In addition to fatigue, other criteria include post-exertional malaise, unrefreshing sleep, and cognitive impairment.

People with CFS commonly wake up exhausted and feeling as if they have not slept at all—no matter how long they have been asleep.

Other common symptoms of CFS include chronic pain, Digestive problems, orthostatic intolerance including cardio and respiratory symptoms.

Our Team

The team consists of a Consultant Neuropsychiatrist, Clinical Nurse Specialist and Senior Occupational Therapist and therapeutic staff who specialise in CFS.

Referral Pathway

We are a national service from age 16 and over. You can be referred to the service if you have received a diagnosis by a GP, Rheumatologist or Neurologist. Where a diagnosis is uncertain you can be referred for assessment and diagnosis by our team.

What can I expect from my first appointment?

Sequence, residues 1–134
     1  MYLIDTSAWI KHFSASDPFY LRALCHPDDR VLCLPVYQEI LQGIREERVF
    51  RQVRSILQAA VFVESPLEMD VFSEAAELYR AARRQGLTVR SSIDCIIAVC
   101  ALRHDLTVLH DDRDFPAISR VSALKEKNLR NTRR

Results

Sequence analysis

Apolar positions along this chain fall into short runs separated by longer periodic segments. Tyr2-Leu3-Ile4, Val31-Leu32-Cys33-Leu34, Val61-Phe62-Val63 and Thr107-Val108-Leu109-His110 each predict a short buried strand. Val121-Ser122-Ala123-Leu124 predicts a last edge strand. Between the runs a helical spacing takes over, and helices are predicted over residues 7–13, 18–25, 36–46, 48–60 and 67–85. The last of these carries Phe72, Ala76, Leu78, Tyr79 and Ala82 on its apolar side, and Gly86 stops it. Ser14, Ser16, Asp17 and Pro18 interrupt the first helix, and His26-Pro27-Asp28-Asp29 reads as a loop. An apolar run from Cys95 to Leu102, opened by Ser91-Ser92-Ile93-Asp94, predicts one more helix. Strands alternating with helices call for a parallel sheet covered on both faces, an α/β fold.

Your first appointment will be with a Specialist Nurse or with the service Consultant. We offer face-to-face or remote consultations depending on your circumstances.

NICE Guidance:  As a service we work within NICE guidelines and focus on education and promotion of self-management:

Your consultation will include, but is not limited to:

  • a clinical assessment (including relevant symptoms and history, comorbidities, overall physical and mental health, anything that is known to exacerbate or alleviate symptoms, and sleep quality)
  • an assessment of your physical functioning
  • the impact of symptoms on your psychological, emotional, and social wellbeing